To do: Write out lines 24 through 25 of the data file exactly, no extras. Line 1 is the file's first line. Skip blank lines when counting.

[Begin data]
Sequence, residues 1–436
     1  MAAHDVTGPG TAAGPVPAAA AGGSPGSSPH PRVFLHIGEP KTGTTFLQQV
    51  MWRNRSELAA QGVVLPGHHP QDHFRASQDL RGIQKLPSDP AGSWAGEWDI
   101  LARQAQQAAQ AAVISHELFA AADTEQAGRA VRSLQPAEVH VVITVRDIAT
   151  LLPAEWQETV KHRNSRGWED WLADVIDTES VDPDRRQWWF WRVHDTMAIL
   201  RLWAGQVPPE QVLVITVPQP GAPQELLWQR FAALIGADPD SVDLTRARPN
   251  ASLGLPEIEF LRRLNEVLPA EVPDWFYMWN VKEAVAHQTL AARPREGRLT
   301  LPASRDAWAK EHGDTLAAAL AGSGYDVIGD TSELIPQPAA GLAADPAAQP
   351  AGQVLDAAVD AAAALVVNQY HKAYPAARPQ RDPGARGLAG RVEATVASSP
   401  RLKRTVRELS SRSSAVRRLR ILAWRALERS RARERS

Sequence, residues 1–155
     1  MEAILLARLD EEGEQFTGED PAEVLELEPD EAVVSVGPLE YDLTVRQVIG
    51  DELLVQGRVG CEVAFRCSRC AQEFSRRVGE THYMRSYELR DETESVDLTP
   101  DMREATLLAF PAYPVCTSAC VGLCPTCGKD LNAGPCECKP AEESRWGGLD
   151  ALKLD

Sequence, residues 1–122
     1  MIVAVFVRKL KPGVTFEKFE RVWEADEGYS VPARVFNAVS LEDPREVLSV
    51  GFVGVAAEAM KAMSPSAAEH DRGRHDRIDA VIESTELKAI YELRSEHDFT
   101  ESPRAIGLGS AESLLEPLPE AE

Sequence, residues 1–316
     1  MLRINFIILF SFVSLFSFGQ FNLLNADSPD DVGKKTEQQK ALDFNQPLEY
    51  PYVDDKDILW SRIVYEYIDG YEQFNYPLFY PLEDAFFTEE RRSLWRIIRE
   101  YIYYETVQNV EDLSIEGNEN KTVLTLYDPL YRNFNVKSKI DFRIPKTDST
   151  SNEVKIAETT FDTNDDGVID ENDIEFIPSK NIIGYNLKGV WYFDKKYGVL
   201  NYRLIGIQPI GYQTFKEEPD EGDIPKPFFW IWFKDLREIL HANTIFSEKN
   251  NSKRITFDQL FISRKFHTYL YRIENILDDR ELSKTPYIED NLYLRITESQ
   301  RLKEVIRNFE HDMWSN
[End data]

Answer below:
   151  SNEVKIAETT FDTNDDGVID ENDIEFIPSK NIIGYNLKGV WYFDKKYGVL
   201  NYRLIGIQPI GYQTFKEEPD EGDIPKPFFW IWFKDLREIL HANTIFSEKN